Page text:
FDA Moves (Slowly) Towards BPA Ban for Infant Formula Packaging

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Common Dreams

FDA Moves (Slowly) Towards BPA Ban for Infant Formula Packaging

by
Common Dreams staff

A growing body of research suggests that exposure to this chemical could contribute to cancer, sexual dysfunction, behavioral problems in children and heart disease.

In a 'baby step' victory for consumer and child health advocates, The Food & Drug Administration has announced it has initiated a process that could ban the use of bisphenol A, or BPA, in the packaging used for infant baby formulas. 

The move, which was prompted by a petition filed by Congressmen Ed Markey, was seen by many child health advocates as a too-cautious move by the FDA and one that came years to late, was still greeted as progress.

“The most prevalent route of exposure to BPA for babies isn’t a baby bottle, it’s liquid infant formula,” said Sonya Lunder, a senior research analyst with Environmental Working Group, who has worked for a full ban on BPA in the US. “FDA’s decision to consider removing this highly toxic hormone disruptor as a component in baby food packaging should happened years ago. But that said, this announcement is very welcome news for millions of babies who are formula fed.”

FDA agreed to accept the petition from Markey, a senior Democrat on the House Energy and Commerce Committee, to change its regulations to prohibit the chemical’s use in infant formula packaging.

“New parents should be worried about bibs and bottles not BPA when feeding their babies,” said Rep. Markey in a statement following the announcement. “With FDA finally taking steps to remove BPA from infant formula, feeding time for parent and babies just got much safer. Now that the FDA is moving forward with my petition, industry practice can follow consumer demand and we will be able to close the door on the use of BPA in infant formula forever. Accepting this petition is a good start, but there are many industries that are ignoring consumer concerns and continuing to poison our food supply with this dangerous chemical."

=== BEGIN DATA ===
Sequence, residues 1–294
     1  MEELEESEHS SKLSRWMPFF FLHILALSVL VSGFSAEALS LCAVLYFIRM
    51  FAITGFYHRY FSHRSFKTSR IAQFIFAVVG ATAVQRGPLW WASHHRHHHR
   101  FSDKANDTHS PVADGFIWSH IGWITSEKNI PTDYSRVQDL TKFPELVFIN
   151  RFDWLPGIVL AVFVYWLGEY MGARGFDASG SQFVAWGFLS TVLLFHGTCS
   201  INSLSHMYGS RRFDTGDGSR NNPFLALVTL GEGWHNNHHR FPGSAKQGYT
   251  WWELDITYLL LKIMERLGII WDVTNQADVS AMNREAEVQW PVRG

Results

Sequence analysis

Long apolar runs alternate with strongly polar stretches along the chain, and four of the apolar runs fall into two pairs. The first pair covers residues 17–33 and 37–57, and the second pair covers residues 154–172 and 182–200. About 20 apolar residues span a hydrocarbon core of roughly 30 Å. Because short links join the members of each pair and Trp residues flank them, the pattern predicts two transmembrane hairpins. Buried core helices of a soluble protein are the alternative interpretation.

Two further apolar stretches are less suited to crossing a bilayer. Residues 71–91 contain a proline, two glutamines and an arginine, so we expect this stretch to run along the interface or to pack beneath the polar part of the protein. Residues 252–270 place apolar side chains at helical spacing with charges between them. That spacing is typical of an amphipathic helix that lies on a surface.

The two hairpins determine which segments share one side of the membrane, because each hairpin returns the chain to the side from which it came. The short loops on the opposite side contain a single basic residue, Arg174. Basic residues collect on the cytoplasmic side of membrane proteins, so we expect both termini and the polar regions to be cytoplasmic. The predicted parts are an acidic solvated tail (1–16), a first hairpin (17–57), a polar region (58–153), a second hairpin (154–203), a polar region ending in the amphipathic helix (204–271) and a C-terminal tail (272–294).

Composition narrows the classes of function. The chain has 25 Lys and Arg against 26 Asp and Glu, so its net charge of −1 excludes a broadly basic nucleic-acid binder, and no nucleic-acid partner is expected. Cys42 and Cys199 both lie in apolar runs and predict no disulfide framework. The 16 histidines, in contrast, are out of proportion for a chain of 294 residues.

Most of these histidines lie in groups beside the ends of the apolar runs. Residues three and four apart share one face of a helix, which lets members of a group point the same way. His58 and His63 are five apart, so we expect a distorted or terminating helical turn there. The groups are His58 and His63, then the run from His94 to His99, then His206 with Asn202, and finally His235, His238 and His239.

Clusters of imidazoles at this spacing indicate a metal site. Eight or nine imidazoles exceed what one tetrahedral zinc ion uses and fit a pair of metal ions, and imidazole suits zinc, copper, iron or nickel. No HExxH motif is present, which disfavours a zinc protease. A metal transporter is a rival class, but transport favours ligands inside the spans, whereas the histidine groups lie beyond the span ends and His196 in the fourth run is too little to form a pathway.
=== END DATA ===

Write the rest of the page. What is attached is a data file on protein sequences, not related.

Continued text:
EWG researchers helped shed the light on "BPA in infant formula in August of 2007 when they found that four of the world’s leading formula makers were using BPA as an ingredient in their packaging.

“If we know a way to significantly reduce a baby’s exposure to a highly toxic chemical while they’re at the most vulnerable stages of development, why on earth wouldn’t we do it?” said Lunder. “FDA, albeit belatedly, has an opportunity to get on the right side of the public’s health and correct this problem on behalf of children and parents.”

"We’re glad that Rep. Markey’s petition has forced FDA to focus on BPA in infant formula once and for all," writes Sarah Janssen, a senior scientist for NRDC, "but FDA continues to dodge the bigger questions of BPA safety. To be truly protective of public health, BPA should be removed from all food packaging, including canned goods."

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The Washington Post reports:

The government has long maintained that BPA is safe in low doses. But a growing body of research suggests that exposure to this chemical could contribute to cancer, sexual dysfunction, behavioral problems in children and heart disease. The government started studying the issue more closely two years ago as new research emerged about the subtle effects of low doses of BPA in laboratory animals.

The American Chemistry Council, which represents the chemical industry, has said that several regulatory bodies worldwide have determined that BPA is safe. But consumer preferences forced manufacturers to abandon its use in several products, including baby bottles and sippy cups.

Even so, many health advocates have been pressing the government to adopt a formal ban. The Natural Resources Defense Council sued the FDA after the agency failed to respond to its 2008 request to bar the chemical from use in food and drink containers.

In March, after a federal judge demanded that the FDA respond, the agency said it would allow BPA to remain in those types of packages.

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